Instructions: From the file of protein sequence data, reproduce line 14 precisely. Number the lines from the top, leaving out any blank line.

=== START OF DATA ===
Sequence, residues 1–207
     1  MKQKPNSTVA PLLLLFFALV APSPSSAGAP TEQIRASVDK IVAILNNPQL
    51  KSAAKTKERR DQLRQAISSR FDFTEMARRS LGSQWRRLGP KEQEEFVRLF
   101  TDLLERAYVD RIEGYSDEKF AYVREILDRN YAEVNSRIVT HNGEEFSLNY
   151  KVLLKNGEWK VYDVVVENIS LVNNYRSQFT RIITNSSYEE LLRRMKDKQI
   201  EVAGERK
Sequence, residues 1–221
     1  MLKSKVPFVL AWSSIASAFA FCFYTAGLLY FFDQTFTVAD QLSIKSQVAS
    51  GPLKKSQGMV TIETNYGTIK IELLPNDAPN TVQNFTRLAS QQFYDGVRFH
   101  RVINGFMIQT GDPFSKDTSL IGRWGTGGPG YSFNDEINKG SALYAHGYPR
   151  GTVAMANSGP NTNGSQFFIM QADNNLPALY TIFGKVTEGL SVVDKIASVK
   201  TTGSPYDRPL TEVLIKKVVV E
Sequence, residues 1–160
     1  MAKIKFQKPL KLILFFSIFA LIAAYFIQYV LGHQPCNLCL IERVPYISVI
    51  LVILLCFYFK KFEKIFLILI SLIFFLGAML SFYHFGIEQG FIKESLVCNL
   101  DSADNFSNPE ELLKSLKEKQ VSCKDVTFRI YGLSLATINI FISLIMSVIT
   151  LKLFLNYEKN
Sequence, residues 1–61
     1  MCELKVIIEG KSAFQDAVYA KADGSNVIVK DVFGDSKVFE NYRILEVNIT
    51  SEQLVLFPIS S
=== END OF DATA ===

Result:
     1  MAKIKFQKPL KLILFFSIFA LIAAYFIQYV LGHQPCNLCL IERVPYISVI